China to double trading band with rouble after currency’s plunge

China will double the permitted trading range between its currency and Russia’s rouble to help bolster trade between the two countries as the Russian economy reels from western sanctions imposed after its invasion of Ukraine.

The China Foreign Exchange Trade System (CFETS) announced on Thursday that “in accordance with the requirements of market development” it would widen the daily trading band for the renminbi’s exchange rate with the rouble, allowing the currency cross to trade 10 per cent in either direction of a daily midpoint set by China’s central bank, up from 5 per cent previously.

CFETS said the new trading band would be implemented from Friday, “with the approval of the People’s Bank of China and the State Administration of Foreign Exchange”.

China has refrained from hitting Russia with sanctions even as western countries enacted a flurry of economic punishments for Moscow’s invasion of Ukraine. Russia is a key supplier of oil and natural gas for Beijing and the two have made substantial efforts to de-dollarise bilateral trade in the years since sanctions were first imposed on Russia over its annexation of Crimea in 2014.

Analysts said the trading band change was a practical response to support trade between China and Russia in light of the recent volatility of the rouble, which has sunk roughly 36 per cent this year against both the US dollar and the renminbi. By comparison, China’s currency has remained steady at around Rmb6.3 against the greenback.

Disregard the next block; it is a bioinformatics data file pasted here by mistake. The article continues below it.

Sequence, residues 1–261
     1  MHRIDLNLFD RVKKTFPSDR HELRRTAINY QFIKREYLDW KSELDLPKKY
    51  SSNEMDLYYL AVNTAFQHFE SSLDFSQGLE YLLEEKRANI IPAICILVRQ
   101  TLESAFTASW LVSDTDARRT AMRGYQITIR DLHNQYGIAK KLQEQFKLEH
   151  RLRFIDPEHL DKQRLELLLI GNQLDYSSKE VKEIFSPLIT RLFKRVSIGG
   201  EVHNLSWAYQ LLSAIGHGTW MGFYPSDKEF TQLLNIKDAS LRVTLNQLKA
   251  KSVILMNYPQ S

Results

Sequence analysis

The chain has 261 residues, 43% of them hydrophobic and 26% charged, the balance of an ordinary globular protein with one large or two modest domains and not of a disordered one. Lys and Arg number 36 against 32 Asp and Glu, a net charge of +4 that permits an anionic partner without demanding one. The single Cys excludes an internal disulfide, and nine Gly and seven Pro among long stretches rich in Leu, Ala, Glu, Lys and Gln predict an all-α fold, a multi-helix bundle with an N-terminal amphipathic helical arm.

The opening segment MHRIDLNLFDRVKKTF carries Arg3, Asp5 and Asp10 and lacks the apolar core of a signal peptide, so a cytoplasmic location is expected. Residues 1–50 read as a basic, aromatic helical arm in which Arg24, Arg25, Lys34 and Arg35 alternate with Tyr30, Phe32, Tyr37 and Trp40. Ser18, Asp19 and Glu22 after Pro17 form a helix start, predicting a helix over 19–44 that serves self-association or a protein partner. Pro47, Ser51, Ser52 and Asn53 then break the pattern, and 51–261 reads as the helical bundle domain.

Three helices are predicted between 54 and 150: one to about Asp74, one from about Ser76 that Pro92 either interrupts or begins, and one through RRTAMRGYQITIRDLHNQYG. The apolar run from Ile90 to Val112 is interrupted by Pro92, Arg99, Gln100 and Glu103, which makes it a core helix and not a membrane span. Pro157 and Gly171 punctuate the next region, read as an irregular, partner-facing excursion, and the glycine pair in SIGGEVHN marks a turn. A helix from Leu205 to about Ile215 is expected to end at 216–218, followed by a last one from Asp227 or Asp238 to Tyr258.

Line chart of rouble per renminbi showing Russia’s rouble plunges against China’s currency

“This will facilitate trade and improve market liquidity” for the renminbi-rouble exchange rate, said Ken Cheung, chief Asian foreign exchange strategist at Mizuho Bank. “From a market maker’s perspective, if they had kept the 5 per cent band it would be very difficult to price [the exchange rate].”

The renminbi’s relative resilience throughout the Ukraine crisis has fuelled talk that the currency could become a haven, as well as speculation that Beijing could utilise its yuan-based international payments system to help cushion the blow from sanctions that have rocked Russia’s economy.

Among the most severe measures levied by western countries so far is the ejection of most major Russian financial institutions from Swift, the global payments system. Payment networks Visa, Mastercard and American Express have also announced plans to suspend operations in Russia.

Following the latest sanctions being imposed, Chinese state media has highlighted the opportunity for the country to boost the use of its own cross-border payments system meant to rival Swift. Russian banks have floated the possibility of issuing co-badged cards linked to both Russia’s Mir and China’s UnionPay international payments systems.

One China economist at a European bank in Hong Kong said the trading band change would make the exchange rate more flexible and allow institutions in China that paid for oil from Russia using roubles to convert the currency into renminbi at a more favourable rate.

“Five per cent is actually a reasonable range, but of course if you’re talking about [emerging markets] countries that have a crisis . . . there’s a definite need to widen it,” the economist said.

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